The hometown team came up big in the American Bar Association’s 18th annual regional mediation competition, held at UB School of Law on March 4 and 5, 2017.
The School of Law’s team of third-year students, Olivia Paulo and Andrew Mark, was named winner of the competition by a three-judge panel, edging out a team from William & Mary Law School. Paulo and Mark now move on to the national finals of the competition, held in April in San Francisco in conjunction with the spring meeting of the ABA’s Section of Dispute Resolution.
“When you’re advocating in mediation, it’s as much an art as it is a science,” says Steven R. Sugarman ’85, who teaches mediation at the School of Law as an adjunct professor and coaches the school’s mediation competitors. “It’s using soft skills, yet refusing to enter a deal without maximizing your client’s interests. This team has a beautiful balance of those skills.”
Law schools take turns hosting the regional competitions. At UB, the tournament was organized by Cheryl L. Tubinis, the school’s administrator for skills and special programs, and was judged by 35 volunteer attorneys. (Sugarman notes that the teams were identified only by letter, to avoid bias.)
A second School of Law team, third-year students Kasey Barrett and Daniel Muscarella, also competed, along with teams from the law schools of Hofstra, Fordham and Tulane universities, the University of South Dakota and Brooklyn Law School.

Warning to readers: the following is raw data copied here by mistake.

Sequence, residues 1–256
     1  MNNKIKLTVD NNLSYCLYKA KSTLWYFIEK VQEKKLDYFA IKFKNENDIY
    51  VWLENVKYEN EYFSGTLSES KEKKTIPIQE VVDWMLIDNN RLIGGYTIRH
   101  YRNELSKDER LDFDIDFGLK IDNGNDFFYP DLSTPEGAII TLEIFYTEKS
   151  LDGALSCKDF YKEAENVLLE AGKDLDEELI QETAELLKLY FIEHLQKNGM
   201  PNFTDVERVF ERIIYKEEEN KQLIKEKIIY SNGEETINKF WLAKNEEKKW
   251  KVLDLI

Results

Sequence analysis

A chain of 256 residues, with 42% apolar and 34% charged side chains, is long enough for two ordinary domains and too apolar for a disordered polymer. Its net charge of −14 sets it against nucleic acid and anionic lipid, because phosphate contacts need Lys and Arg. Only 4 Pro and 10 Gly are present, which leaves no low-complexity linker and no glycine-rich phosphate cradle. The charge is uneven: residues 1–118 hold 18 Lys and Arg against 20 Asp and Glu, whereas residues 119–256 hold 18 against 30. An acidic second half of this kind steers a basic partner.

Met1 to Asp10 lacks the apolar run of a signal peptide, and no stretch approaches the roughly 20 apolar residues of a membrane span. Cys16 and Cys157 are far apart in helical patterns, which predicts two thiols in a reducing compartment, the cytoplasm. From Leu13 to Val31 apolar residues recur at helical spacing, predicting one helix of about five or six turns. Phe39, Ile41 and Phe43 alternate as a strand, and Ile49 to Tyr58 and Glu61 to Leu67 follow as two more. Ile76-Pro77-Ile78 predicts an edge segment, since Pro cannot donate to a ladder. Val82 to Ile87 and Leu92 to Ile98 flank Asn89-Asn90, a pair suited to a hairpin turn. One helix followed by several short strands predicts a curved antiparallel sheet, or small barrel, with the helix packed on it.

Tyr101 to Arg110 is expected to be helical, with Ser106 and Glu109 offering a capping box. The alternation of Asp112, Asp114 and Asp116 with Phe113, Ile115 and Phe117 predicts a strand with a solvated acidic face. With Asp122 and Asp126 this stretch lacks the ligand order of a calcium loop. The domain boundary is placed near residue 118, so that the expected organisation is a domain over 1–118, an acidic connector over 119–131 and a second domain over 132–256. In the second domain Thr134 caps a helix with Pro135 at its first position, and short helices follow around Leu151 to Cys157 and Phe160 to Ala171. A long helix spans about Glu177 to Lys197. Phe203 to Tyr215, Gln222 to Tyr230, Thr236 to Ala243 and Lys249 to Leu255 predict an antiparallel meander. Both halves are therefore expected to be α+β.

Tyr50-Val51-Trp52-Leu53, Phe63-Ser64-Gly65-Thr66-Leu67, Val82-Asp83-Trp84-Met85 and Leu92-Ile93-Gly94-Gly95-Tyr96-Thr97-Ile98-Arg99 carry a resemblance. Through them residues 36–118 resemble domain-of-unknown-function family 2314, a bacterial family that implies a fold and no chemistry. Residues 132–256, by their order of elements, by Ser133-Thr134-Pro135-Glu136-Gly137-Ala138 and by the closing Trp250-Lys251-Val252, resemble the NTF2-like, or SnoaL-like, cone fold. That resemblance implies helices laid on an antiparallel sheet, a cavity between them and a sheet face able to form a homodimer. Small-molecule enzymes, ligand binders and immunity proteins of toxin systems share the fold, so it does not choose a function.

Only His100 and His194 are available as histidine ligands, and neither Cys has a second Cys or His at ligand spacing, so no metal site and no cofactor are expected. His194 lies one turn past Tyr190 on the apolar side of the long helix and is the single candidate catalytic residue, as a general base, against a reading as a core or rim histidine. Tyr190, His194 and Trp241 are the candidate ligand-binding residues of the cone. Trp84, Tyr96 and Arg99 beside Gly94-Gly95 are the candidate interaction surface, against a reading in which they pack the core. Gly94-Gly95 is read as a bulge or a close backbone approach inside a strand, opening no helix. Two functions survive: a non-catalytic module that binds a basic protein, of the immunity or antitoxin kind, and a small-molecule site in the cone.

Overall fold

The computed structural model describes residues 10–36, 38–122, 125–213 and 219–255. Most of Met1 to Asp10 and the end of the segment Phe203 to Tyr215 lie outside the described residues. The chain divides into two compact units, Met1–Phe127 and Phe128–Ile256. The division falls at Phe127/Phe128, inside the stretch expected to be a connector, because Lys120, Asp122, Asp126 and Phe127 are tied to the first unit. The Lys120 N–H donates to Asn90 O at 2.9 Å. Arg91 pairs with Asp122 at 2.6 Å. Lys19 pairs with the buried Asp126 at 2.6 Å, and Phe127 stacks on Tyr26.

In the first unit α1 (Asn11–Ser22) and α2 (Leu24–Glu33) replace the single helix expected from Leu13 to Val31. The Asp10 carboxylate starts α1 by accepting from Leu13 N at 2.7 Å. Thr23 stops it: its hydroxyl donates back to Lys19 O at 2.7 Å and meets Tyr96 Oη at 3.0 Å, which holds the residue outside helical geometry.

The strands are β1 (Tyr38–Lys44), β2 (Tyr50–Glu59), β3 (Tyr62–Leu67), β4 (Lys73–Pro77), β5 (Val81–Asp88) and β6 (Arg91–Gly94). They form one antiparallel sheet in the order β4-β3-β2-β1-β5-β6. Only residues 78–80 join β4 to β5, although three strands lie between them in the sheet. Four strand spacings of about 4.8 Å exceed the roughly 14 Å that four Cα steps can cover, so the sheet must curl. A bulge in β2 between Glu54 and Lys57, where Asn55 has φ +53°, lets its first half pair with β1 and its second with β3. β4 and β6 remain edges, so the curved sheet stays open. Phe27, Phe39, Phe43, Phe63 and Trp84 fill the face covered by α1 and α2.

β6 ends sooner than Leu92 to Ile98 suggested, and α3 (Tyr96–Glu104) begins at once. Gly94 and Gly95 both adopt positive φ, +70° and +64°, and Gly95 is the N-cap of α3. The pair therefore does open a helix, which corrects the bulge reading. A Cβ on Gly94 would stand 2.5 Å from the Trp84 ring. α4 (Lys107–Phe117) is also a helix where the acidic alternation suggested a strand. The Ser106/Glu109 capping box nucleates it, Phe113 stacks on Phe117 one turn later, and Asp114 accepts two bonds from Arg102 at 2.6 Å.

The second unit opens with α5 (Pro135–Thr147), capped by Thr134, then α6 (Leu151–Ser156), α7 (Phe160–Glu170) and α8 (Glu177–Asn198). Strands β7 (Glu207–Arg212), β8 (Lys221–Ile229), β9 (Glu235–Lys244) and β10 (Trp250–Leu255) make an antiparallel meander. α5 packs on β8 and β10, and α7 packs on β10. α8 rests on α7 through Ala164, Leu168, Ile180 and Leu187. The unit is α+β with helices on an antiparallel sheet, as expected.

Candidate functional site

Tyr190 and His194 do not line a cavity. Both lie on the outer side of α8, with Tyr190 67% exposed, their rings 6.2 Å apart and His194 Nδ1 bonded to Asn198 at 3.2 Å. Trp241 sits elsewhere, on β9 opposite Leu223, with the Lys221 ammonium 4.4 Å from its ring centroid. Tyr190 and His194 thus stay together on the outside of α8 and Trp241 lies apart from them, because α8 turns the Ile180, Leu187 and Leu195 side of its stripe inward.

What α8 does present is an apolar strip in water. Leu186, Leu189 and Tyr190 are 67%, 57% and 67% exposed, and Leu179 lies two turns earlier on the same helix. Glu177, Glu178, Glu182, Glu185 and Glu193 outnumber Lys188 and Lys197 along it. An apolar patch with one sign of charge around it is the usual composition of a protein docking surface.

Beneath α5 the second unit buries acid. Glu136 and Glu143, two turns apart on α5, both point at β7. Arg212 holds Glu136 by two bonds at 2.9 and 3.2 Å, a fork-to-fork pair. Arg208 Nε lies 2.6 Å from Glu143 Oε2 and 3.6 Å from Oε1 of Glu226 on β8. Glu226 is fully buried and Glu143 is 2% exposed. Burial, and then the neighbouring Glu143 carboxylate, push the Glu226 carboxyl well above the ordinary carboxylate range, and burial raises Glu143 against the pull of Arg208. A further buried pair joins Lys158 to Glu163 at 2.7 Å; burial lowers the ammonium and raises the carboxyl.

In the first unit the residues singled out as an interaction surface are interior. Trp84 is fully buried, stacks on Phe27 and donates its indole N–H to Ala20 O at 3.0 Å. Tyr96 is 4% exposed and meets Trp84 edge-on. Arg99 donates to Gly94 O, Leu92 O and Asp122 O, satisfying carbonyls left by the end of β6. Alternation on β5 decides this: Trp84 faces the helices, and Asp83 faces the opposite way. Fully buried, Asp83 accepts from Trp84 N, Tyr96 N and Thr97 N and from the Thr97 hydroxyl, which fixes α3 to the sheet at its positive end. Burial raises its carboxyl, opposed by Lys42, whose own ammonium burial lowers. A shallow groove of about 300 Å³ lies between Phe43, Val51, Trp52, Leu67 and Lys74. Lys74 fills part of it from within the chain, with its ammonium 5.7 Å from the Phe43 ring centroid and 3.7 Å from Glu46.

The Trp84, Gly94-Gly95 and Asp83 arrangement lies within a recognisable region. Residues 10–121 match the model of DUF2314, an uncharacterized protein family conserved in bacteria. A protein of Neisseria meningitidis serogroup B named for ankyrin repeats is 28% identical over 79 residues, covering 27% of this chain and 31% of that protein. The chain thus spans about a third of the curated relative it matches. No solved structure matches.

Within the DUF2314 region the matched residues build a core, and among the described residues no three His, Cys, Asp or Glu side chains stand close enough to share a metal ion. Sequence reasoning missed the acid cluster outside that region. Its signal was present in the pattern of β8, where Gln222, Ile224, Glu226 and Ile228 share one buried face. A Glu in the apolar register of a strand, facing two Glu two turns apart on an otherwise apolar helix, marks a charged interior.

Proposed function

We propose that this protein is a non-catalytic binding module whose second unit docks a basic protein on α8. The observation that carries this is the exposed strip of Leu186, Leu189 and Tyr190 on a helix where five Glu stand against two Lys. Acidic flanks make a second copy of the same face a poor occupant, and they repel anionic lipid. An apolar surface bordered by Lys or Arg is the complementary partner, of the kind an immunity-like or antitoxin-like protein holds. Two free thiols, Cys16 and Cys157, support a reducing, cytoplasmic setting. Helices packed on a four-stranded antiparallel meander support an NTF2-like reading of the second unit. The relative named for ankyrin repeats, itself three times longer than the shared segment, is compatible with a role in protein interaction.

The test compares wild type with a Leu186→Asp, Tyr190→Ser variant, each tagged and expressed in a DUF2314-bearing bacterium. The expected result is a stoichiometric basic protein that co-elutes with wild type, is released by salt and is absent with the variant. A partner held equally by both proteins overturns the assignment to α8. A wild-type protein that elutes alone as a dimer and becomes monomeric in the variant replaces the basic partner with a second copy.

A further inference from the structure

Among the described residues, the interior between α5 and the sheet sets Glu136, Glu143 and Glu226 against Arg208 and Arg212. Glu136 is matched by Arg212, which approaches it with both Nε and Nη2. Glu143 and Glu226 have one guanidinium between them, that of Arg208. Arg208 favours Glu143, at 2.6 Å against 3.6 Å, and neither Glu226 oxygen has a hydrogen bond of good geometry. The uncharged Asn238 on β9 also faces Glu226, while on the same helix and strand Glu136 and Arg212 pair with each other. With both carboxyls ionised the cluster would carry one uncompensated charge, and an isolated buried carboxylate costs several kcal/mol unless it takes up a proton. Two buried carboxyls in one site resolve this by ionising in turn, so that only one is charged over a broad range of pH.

For the victors, who had previously competed together on a UB School of Law trial team, the result was the product of rigorous preparation and intense rounds of competition.
“These competitions are very subjective,” Paulo says, “but we put a lot of time and effort into it, and we work well together. There’s really no right way to do mediation. We spend a lot of time reflecting on our performance and skills and styles we used.”
She notes that the fact patterns of the cases at issue are distributed before the competition, but for the final round, competitors get a brand-new set of confidential facts and have to adjust their strategy accordingly. The final-round case revolved around a dispute over the use of a family-owned hotel and mansion situated on a large plot of land; a family wedding had been scheduled at the same time that an astronomy foundation had planned an event.
Time to call in the mediators. The competitors alternate serving as mediator and client, and in the final round, Paulo was the client. “It’s role-playing,” she says. “Part of it is using your personality to get into the role. You have to keep the judges interested in what’s going on.”
For his part, Mark says they had a strategy going into each 75-minute negotiating session, but “you never know what you’re going to get from the other side. If they put out a proposal that your partner or you really like, dealing with that dynamic can be tough sometimes.”
The judging, he says, looks at the techniques used and how well the mediator meets the client’s interest. “If you don’t leave the table worse off than when you sat down, that can be a win,” he says.
He credits the final result to the team’s thorough preparation – “the amount of time we spent thinking about the problems and all the different possible angles” – and their experience on trial teams together. “Both of us have a really good understanding of what our goals are,” Mark says. “We also learned a lot from round to round.”
In 16 years of competing in this regional competition, UB School of Law’s team has made it to the national finals only once before. In the San Francisco finals, it will be one of 10 teams competing.